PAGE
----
The teenager will now be able to access gender-affirming hormone treatment following the Family Court ruling in Australia.
Justice Watts granted authorisation for the teen to access oestrogen treatment to aid in her physical feminisation.
The teen’s father consented to the treatment, but the mother did not, stating that the child lacked the competency to consent to the diagnosis and treatment.
The court heard that since the child was 6 or 7 the child had “expressed a consistent, persistent and insistent view that she wishes to move to … gender affirming hormone treatment”.
Prior to receiving hormonal treatment, a child normally receives puberty blockers to prepare them for the transition.
Hormone treatment is the second step in a three-stage medical transition process for transgender adolescents.
The third step involves surgery.
Hayder Shkara, divorce lawyer from Justice Family Lawyers, said that this ruling had made things clearer for adolescents with gender dysphoria.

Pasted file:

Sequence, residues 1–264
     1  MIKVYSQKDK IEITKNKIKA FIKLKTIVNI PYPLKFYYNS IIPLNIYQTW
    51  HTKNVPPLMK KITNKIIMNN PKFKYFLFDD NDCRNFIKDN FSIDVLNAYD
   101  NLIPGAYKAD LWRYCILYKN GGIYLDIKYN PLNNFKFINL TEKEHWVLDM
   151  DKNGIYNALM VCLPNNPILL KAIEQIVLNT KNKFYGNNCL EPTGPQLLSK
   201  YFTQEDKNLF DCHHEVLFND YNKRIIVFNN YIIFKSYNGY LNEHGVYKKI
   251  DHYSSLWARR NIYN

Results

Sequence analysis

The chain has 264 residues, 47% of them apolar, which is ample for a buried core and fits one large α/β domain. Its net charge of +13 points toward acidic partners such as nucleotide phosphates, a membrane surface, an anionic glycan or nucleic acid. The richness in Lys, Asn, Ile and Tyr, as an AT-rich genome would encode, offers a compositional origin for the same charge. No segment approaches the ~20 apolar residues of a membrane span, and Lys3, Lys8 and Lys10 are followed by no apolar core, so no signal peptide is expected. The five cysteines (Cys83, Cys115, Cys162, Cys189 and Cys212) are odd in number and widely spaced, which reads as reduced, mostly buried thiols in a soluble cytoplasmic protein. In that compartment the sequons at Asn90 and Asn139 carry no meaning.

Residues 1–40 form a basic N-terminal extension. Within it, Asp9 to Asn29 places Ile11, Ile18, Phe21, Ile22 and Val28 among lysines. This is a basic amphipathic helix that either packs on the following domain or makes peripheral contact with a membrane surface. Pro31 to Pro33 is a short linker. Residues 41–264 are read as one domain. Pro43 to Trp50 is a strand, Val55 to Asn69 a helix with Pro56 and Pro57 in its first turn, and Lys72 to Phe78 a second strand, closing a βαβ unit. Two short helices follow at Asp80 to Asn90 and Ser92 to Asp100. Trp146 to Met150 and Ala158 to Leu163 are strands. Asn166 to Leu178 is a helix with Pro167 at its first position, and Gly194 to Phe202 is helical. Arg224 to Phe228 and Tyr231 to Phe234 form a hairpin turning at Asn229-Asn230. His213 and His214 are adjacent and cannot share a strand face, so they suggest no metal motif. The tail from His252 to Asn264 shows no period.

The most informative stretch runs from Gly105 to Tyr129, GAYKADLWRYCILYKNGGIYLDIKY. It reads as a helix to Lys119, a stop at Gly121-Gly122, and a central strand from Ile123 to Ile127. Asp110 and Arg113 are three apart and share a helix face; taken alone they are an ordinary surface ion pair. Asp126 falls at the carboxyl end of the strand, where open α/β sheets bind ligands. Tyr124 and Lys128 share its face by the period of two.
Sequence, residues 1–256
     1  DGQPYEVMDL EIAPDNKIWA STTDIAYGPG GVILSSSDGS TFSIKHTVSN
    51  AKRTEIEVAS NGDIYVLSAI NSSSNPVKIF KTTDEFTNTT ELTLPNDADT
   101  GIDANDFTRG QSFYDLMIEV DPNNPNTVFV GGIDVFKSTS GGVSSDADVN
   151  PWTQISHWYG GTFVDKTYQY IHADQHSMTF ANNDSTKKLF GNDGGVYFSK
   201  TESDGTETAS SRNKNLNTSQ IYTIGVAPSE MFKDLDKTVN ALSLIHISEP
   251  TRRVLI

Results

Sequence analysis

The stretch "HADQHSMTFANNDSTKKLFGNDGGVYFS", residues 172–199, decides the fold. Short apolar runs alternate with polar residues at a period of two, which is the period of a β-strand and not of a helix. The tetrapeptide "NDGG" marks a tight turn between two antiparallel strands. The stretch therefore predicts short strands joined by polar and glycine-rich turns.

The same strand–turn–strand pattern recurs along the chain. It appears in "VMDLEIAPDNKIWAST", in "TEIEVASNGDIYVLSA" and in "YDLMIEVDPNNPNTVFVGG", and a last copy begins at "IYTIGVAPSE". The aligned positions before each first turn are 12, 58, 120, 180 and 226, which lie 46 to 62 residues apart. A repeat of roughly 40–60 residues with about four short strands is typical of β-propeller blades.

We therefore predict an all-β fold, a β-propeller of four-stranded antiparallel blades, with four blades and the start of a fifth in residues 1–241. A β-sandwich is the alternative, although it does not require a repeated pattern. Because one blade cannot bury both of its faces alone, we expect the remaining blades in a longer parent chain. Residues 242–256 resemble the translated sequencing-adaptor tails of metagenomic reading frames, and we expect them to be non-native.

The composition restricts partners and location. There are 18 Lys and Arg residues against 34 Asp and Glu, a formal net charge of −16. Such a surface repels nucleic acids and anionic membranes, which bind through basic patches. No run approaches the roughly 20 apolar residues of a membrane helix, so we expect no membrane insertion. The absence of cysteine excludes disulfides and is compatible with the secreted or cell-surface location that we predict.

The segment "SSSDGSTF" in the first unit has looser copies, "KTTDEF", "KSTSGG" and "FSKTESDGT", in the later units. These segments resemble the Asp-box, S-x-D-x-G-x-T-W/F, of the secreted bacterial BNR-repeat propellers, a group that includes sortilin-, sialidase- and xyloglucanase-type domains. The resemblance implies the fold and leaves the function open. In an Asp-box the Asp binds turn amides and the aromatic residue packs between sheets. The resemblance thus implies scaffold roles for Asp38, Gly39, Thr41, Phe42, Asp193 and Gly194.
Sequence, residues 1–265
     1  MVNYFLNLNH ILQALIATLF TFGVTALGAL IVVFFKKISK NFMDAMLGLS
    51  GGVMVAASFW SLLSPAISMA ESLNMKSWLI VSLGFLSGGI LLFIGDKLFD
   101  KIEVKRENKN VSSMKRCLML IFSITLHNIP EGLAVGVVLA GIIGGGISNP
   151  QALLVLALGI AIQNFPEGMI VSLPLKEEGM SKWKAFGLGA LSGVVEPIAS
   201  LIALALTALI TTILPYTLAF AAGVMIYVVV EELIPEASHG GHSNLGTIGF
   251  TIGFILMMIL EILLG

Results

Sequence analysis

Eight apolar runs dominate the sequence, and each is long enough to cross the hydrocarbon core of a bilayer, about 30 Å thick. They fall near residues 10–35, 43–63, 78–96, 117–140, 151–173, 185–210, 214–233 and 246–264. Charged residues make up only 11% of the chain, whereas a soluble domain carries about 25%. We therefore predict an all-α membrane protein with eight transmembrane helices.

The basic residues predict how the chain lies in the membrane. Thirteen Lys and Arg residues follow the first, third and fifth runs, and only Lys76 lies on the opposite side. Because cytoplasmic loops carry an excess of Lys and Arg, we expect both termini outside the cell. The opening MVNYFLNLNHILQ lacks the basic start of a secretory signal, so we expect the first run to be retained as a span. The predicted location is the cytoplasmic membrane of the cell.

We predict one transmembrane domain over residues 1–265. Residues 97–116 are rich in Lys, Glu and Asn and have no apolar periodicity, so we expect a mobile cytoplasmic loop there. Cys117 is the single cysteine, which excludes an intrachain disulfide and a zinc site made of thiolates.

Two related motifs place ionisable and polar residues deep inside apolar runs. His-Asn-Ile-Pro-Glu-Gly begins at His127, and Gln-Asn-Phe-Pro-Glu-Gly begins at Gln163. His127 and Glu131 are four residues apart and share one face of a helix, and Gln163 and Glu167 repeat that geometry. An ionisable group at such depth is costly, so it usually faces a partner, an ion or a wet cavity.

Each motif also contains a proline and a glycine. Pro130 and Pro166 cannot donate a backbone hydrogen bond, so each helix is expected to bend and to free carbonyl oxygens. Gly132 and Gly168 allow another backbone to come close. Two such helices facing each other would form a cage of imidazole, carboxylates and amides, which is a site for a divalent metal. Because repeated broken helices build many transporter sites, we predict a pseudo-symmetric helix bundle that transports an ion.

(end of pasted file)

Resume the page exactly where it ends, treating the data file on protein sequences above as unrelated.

“Since 2017, it was not entirely clear as to what role the courts will have if there were to be a dispute in relation to gender dysphoria. The courts will only get involved in decisions up to stage 2 of a transition if a parent or doctor disputed the diagnosis of gender dysphoria or treatment. The court will then get involved and make a ruling as to whether or not they should authorise the treatment.”
The Family Court in 2013 ruled that court approval was no longer required for stage one treatment, but the court had a role in disputes.
In 2017, the Full Court went further and ruled court authorisation was not required for stage two treatment, but it was not clear what role the court performed in the case of disputes.
Justice Watts said court approval for stage two treatment is mandatory only if a parent or doctor disputes the child’s legal competency to consent; the diagnosis of gender dysphoria; or the proposed treatment.
Justice Family Lawyers.
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